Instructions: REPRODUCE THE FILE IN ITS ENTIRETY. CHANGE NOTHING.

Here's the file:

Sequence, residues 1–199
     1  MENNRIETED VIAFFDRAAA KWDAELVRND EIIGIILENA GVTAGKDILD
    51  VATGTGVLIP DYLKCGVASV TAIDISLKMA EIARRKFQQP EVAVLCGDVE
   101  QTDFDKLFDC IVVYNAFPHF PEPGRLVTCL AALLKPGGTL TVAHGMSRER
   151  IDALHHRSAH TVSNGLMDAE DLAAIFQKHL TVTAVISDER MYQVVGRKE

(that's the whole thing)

Sequence, residues 1–199
     1  MENNRIETED VIAFFDRAAA KWDAELVRND EIIGIILENA GVTAGKDILD
    51  VATGTGVLIP DYLKCGVASV TAIDISLKMA EIARRKFQQP EVAVLCGDVE
   101  QTDFDKLFDC IVVYNAFPHF PEPGRLVTCL AALLKPGGTL TVAHGMSRER
   151  IDALHHRSAH TVSNGLMDAE DLAAIFQKHL TVTAVISDER MYQVVGRKE